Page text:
Repentance is something we must do with our God-given free moral agency. Reconciliation is an ongoing process that enables us to draw closer to what God is.
Reconciliation is the product of a sacrifice to pacify the wrath of an offended person. We must imitate Christ in His approach toward hostility from others.
After reconciliation, there can finally be a meeting of minds as we are fashioned into a new creation, invited to sit in heavenly places, created for good works.
John Ritenbaugh stresses that unless the splinters of the greater church of God repair their mangled relationships with the Almighty, recoupling will be impossible. A major contributory factor in the scattering is the deceitful heart of man (Jeremiah 17:9). . .
Jesus Christ placed a high priority on reconciliation, warning us that before we engage God at the altar, we had better make peace with our brother.
God and humankind are very different. God is spiritual, immortal, righteous, holy, and pure. Human beings, on the other hand, have the opposite attributes: physical, mortal, sinful, profane, and corrupt. Martin Collins begins a short series on the subject . . .
Since the beginning, God's purpose has been to bring all things into harmony with Him, giving mankind a respite from the heaviness of a sin-laden world.
God's solution to mankind's separation was sending a second Adam, Jesus Christ, to make reconciliation possible. Fasting shows our dependence on God.
Refraining from work on the Day of Atonement symbolizes our inability to atone for our sins. We, humble and poor in spirit, depend upon God for everything.
Moral failure compounds when self-loathing sabotages happiness. Only atonement can turn this depression around, providing the comfort of mental and spiritual health.
God gave Jesus Christ to us to restore peace, reconciliation, and harmony with God. In the Beatitudes, the peacemakers are called 'sons of God.'
The world will learn that God judges—that He has the ultimate decision over everything. After Satan is bound, God will bring about seven reconcilements.
Martin Collins, reflecting on the rich imagery of the holy days, reiterates that it is impossible to understand God's master plan unless one understands the symbolism and imagery of the Holy Days. Atonement has special uniqueness as a solemn day of afflict. . .
Only those who have fellowship with God can have any hope, understanding, peace, or rest. The world remains under the sway of Satan, unable to live righteously.
When Jesus declared His purpose to the Jews in Nazareth (Luke 4:18-19), the theme of His comments focused on liberty so that humanity can be reconciled and at-one with God. Austin Del Castillo posits that we human beings tend to work at cross-purposes to G. . .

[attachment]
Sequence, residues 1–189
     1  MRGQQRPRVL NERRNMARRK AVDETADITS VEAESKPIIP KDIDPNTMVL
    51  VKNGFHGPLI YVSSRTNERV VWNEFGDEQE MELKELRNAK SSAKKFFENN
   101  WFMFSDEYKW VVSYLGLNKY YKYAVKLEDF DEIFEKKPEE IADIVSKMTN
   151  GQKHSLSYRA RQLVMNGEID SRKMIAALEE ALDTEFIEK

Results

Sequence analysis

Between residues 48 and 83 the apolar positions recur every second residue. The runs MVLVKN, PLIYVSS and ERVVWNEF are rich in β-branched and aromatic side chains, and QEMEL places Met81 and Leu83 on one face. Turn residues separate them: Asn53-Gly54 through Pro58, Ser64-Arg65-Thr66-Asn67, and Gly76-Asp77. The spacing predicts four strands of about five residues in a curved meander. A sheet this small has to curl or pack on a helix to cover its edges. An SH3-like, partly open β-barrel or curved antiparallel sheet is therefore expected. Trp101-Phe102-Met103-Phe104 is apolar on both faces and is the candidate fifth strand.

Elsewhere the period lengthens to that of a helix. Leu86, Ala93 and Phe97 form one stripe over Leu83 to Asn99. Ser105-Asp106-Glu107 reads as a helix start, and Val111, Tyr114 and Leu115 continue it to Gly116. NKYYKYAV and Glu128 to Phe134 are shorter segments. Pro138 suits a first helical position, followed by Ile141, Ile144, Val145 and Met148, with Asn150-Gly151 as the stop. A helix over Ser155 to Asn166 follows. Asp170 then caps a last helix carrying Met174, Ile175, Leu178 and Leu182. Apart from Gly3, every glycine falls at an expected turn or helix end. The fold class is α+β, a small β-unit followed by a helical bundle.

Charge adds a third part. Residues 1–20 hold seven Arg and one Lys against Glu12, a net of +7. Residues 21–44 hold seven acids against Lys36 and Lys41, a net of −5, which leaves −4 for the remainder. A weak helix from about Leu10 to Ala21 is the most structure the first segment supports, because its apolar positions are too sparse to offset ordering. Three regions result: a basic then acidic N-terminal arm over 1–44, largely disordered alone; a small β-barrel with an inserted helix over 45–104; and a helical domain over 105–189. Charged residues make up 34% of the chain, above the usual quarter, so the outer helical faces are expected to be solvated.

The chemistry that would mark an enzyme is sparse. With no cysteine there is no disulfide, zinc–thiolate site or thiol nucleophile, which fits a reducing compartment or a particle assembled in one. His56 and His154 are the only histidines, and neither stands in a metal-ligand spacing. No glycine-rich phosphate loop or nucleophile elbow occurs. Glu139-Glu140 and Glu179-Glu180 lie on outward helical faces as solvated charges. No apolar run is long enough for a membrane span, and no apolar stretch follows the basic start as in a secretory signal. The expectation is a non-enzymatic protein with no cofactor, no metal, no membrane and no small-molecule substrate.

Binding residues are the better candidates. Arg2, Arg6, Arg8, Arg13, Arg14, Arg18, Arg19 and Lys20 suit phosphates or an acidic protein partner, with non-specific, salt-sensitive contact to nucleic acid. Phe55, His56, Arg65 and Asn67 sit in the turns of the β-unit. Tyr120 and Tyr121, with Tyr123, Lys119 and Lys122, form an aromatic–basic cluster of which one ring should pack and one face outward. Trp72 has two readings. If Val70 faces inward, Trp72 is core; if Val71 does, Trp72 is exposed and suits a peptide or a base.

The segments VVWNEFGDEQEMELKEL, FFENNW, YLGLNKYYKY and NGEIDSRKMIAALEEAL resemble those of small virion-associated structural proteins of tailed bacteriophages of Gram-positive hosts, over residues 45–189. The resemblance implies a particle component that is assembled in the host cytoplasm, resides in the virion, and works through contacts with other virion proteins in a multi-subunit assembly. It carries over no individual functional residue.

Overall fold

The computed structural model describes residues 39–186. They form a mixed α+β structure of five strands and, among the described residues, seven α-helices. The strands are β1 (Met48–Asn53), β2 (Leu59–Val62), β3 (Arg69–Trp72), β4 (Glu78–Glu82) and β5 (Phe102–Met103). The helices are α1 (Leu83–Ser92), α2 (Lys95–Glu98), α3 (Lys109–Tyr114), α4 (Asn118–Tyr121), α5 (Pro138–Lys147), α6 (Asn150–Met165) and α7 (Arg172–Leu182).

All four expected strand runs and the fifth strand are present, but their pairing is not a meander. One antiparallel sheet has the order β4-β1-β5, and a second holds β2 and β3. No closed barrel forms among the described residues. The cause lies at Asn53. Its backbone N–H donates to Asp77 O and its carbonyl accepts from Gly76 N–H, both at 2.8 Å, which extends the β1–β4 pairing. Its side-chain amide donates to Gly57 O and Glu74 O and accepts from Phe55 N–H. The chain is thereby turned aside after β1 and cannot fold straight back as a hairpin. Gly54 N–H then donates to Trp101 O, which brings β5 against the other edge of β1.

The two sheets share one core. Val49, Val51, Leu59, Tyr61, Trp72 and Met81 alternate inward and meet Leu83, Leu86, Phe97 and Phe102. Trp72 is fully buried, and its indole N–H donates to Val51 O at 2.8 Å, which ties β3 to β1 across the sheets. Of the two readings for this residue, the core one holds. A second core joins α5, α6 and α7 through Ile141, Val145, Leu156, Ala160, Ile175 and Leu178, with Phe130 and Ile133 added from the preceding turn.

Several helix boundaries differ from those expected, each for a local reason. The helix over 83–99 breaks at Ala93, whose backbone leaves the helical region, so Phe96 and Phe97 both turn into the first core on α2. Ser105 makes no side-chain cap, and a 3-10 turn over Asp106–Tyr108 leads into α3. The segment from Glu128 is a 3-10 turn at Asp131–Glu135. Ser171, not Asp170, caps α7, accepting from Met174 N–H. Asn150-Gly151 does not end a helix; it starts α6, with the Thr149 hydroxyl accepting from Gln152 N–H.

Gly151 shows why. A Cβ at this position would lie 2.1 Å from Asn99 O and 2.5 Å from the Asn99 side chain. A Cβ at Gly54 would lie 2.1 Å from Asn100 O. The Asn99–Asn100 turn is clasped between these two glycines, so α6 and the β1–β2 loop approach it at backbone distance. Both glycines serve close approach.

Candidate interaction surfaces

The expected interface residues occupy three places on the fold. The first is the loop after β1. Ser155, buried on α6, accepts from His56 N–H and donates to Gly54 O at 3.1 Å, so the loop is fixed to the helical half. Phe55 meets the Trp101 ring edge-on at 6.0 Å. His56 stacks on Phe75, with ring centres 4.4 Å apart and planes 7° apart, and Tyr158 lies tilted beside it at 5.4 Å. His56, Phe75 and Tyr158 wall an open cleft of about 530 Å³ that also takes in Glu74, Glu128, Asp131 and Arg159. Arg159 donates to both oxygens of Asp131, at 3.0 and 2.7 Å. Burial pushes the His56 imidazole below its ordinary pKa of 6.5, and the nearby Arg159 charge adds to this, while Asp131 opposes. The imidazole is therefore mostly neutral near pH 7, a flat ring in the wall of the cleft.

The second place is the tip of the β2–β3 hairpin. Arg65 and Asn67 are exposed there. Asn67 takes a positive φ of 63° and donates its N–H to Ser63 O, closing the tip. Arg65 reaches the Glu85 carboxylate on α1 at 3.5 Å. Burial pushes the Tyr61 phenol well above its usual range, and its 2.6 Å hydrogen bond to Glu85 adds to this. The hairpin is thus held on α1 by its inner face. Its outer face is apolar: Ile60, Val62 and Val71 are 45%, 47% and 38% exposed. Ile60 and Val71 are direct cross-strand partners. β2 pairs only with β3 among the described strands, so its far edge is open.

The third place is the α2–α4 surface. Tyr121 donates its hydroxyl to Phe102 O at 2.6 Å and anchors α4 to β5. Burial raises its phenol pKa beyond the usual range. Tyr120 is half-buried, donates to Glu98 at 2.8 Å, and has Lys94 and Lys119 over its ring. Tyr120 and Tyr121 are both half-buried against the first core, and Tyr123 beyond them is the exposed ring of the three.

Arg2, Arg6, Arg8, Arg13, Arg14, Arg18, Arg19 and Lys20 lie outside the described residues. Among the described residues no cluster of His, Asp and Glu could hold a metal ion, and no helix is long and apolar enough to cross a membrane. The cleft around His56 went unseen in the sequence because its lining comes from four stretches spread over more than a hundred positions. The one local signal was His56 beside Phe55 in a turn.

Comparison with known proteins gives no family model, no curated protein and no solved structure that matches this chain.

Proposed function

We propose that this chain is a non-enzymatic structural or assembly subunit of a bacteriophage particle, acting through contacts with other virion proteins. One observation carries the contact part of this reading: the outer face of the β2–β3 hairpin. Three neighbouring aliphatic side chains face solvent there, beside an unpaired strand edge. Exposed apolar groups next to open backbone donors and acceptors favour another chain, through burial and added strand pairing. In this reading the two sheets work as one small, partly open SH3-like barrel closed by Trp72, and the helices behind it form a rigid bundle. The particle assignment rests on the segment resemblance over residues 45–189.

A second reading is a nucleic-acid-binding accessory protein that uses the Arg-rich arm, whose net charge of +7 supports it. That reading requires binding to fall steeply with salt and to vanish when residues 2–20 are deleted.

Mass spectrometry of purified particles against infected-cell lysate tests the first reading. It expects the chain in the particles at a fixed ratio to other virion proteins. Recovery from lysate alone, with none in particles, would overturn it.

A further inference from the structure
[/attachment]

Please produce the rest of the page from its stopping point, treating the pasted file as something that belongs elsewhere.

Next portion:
Focusing upon the absolute necessity for exercising forgiveness and reconciliation, John Ritenbaugh admonishes us that receiving or using spiritual gifts should never produce an inflated ego or sense of superiority. Prideful, idolatrous, self-worship reaps. . .
Being poor in spirit is a foundational spiritual state for qualifying for God's Kingdom. Poor in spirit describes being acutely aware of one's dependency.
Conciliation involves placating others with the intent to bring harmony and peace. By esteeming others better than ourselves, we become a force for peace.
Martin Collins, maintaining that there never has been , and never will be, another death like Jesus Christ's, reminds us that Our Omniscient God, who cannot sin, knew that we would sin and, therefore, pre-ordained a sacrifice that would satisfy all legal r. . .
Martin Collins observes that as long as humans have an insatiable lust for power and control, there will never be peace on earth. Sectarian violence and parochial wrangling will perpetuate violence and struggle. God has initiated the process of destroying . . .
Focusing upon Psalm 133 as the 14th step of 15 degrees of ascent, Richard Ritenbaugh suggests that in our spiritual pilgrimage, unity will be perhaps one of the last objectives to be accomplished. Upon the anointing or setting apart of our High Priest Jesu. . .
Martin Collins points out that the graphic imagery of a turbulent sea appearing in Isaiah 57:19-20 describes the troubled minds experienced by those who reject God's laws. God's called-out ones must earnestly strive for peace, realizing that Satan has coun. . .
The only possibility of attaining peace is a relationship with God—peace with God through our Lord and Savior Jesus Christ, which must continually be refined.
Satan is currently paroled, dwelling in the prison of this earth, taking every opportunity to deceive the sons of man in the short time he has left.
How many of us have felt embarrassed after finding leavening in our homes during the Days of Unleavened Bread? Far more embarrassing is to reclaim leavening after throwing it out, yet I had such an experience, one I was ashamed for years to admit had happe. . .
The fall holy days picture various judgments by God, bringing about liberty, reconciliation, regathering, and restoration.
In this sermon contrasting Godless spirituality with genuine conversion, Martin Collins warns against a warm fuzzy emotional spirituality without a Deity, a worldly spirituality based upon a worldly syncretism of Eastern and Western philosphical thought, s. . .
This world lauds warmakers, but God says that peacemakers are blessed. The first step in becoming a peacemaker is to be reconciled to God.
Our society is becoming increasingly violent. The sixth of the Ten Commandments covers crime, capital punishment, murder, hatred, revenge and war.
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